JRHow can you effectively deal with a narcissist when you’re in a relationship with one? While narcissism and it’s traits are perhaps the other persons issue, I ask you to challenge yourself by asking, “Why am I a perfect match for the narcissist?” I give you lots of my thoughts in this video to help you help yourself become free from being magnetically stuck to narcissists.

References:

Mayo Clinic

AwakenWithJP (JPSears)

 

Janja Lalich: Why Do People Join Cults? (Videos)

Mind Control

(N.Morgan) – Wikipedia defines a cult as: the term cult usually refers to a social group defined by its religious, spiritual, or philosophical beliefs, or its common interest in a particular personality, object or goal. 

However, that definition leaves out the more sinister side to cults, in which the members are abused and isolated from family and friends, all their assets are taken and the victims are brainwashed into accepting abusive treatment as being part of a particular religion or spiritualism.

Some of the more well known and tragic cults like Heaven’s Gate and Jonestown ended in mass suicides and are examples of how completely people are dedicated to these cults.

What drives people to give up their free will and lives to follow these fanatic and charismatic leaders?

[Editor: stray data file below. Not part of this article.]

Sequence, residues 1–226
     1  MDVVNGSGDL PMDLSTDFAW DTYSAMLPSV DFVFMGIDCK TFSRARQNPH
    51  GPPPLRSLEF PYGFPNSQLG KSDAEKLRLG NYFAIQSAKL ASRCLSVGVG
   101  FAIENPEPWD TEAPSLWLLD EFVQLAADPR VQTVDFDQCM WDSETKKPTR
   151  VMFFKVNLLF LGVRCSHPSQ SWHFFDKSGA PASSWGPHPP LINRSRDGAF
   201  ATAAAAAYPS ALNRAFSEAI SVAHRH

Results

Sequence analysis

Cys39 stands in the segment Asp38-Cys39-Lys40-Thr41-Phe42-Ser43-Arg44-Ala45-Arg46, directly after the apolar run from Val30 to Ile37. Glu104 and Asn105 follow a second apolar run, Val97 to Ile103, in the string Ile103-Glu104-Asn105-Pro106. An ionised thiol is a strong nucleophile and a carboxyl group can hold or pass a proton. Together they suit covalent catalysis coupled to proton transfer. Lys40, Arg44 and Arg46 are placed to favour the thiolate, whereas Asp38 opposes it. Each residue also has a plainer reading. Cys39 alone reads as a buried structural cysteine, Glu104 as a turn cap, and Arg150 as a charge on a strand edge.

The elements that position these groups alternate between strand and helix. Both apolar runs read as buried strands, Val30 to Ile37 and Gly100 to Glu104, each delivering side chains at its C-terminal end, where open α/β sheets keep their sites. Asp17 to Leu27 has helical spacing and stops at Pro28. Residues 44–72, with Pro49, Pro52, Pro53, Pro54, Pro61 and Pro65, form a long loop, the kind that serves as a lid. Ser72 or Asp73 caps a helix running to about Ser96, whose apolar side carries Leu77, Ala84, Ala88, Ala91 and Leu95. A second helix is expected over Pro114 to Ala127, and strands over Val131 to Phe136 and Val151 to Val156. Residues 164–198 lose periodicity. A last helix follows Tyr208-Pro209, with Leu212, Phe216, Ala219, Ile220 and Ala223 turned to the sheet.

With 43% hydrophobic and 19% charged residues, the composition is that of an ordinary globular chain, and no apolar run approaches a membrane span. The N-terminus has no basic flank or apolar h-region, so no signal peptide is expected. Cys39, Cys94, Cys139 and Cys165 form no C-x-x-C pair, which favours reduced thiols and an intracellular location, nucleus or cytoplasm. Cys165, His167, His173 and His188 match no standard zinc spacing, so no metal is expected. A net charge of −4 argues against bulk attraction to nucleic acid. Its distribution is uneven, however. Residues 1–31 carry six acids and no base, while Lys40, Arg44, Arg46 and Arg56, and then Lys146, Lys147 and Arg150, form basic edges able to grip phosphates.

WARNING: GRAPHIC! Jonestown Mass Suicide Tape (Full Recording)

An audio recording made on November 18, 1978, at the People’s Temple compound in Jonestown, Guyana immediately preceding and during the mass suicide and murder of over 900 members of the cult. 

Heaven’s Gate Documentary

This documentary focuses on Heaven’s Gate cult and their mass suicide in 1997. Being led by Marshall Applewhite, Heaven’s Gate cult members believed that their souls would ascend to a spaceship following comet Hale-Bopp and would thereafter be given new bodies. The group members committed mass suicide in their Rancho Santa Fe mansion.

A media circus followed the discovery of their bodies. In the aftermath, commentators and academics discussed how Applewhite persuaded people to follow his commands, including suicide. Some commentators attributed his followers’ willingness to commit suicide to his skill as a manipulator, while others argued that their willingness was due to their faith in the narrative that he constructed.

Currently, there are thousands of cults globally.

In the video below, Janja Lalich discusses how cults recruit and manipulate their members into giving up everything in the name of the cult and what exactly differentiates cults from other groups.

Why do people join cults?

 

[SOURCE]

References:

https://www.youtube.com/channel/UCsooa4yRKGN_zEE8iknghZA

https://en.wikipedia.org/wiki/Cult

https://en.wikipedia.org/wiki/Jonestown

https://www.youtube.com/channel/UCqLXDoyPnPzwnh4V_wJCm5w

https://www.youtube.com/channel/UCKnTBWhjasWnma6PWIMDckQ

http://io9.gizmodo.com/the-5-scariest-cults-in-modern-history-1733521100

More Stories Contributed By N. Morgan